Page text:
Native Canadians and the United Church in Winnipeg

Publisher:  Research and Planning Council, Winnipeg Presbytery, United Church of Canada, Winnipeg, Canada
Year Published:  1973  
Pages:  20pp  
Resource Type:  Article
Cx Number:  CX17

A study of the status of Ministries, Lodge and Indian workers, and recommendations.

Abstract:  Throughout the past few years, the church has been attempting to learn more about its effectiveness in ministering to various groups in our society. There has been a general recognition that as society changes more and more rapidly, so too must the church evolve its form of ministry to adapt to these changes. One of the great changes in the past ten years has been in the area of Native Canadians. This large group of people have emerged from recent history of oppression and mistaken strategies, imposed on them by the white man, to claim their rightful place as full citizens of Canada, with rich cultural and spiritual values. Indeed, there is much to suggest that the white man has more to learn from Indian values and history than has the Indian to learn from the white.

This study springs from the concern of the Home Missions Committee of Winnipeg Presbytery, and the staff of the ministries of the Presbytery that work with Native Canadians. The specific request came from the Home Missions Committee in June, 1971, as a second priority after the Institutional Missions studies which have been under way for the past year. The purpose of the study is threefold:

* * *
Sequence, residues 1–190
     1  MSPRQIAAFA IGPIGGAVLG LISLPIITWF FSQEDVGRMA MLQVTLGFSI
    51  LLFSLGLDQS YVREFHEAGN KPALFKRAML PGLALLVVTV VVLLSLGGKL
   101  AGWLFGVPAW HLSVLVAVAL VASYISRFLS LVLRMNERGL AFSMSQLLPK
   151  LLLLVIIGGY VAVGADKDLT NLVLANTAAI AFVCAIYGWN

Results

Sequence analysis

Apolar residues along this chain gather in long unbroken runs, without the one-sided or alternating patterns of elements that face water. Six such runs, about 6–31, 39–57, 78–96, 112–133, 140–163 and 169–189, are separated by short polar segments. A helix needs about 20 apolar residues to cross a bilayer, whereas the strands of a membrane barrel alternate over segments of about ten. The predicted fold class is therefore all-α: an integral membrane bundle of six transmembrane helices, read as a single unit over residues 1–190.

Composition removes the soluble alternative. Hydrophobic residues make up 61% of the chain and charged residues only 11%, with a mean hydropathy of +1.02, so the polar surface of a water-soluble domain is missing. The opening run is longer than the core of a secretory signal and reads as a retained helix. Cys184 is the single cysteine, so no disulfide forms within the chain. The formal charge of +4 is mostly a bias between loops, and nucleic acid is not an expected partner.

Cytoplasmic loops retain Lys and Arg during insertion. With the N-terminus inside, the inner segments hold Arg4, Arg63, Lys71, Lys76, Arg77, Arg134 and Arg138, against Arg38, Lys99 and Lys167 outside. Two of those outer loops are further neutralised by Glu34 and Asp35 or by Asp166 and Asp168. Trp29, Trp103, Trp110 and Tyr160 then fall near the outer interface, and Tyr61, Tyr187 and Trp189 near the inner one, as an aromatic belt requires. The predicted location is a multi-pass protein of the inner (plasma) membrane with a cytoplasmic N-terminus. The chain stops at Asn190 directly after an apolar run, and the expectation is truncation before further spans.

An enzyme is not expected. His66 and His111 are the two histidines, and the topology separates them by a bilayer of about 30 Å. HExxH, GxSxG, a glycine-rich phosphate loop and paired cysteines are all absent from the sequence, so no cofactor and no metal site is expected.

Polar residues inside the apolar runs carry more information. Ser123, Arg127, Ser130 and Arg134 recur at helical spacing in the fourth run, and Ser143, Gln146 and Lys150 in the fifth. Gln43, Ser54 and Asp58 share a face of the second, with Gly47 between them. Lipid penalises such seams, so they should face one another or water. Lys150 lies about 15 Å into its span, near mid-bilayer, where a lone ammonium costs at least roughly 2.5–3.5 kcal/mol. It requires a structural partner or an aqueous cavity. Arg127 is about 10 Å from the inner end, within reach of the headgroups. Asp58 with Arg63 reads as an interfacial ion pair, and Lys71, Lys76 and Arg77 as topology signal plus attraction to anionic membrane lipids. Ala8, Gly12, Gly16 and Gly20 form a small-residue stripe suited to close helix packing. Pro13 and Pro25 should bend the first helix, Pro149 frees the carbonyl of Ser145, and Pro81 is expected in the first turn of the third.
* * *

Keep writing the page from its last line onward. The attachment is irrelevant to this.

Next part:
1. To provide a general outline of the present situation as it appears from the current literature.
2. To provide some tentative value and strategy statements on which any future actions by the presbytery might be based, at least for the next few years.
3. To provide some concrete actions that may be taken with respect to our present ministries, namely the Lodge and the Indian worker.
The strongest recommendation is that at the earliest possible date, the whole matter of the Ministry of the Church to Native Canadians be placed in the hands of these people themselves. Therefore the strategies all tend in this direction.

"A cry for justice rings out today
from the Native Peoples who inhabit
the Canadian North. Dramatically
on a Massive Scale the Native
Peoples of the North find themselves
and their way of life being
threatened by the headlong search
for New energy sources on this
September 1, 1975

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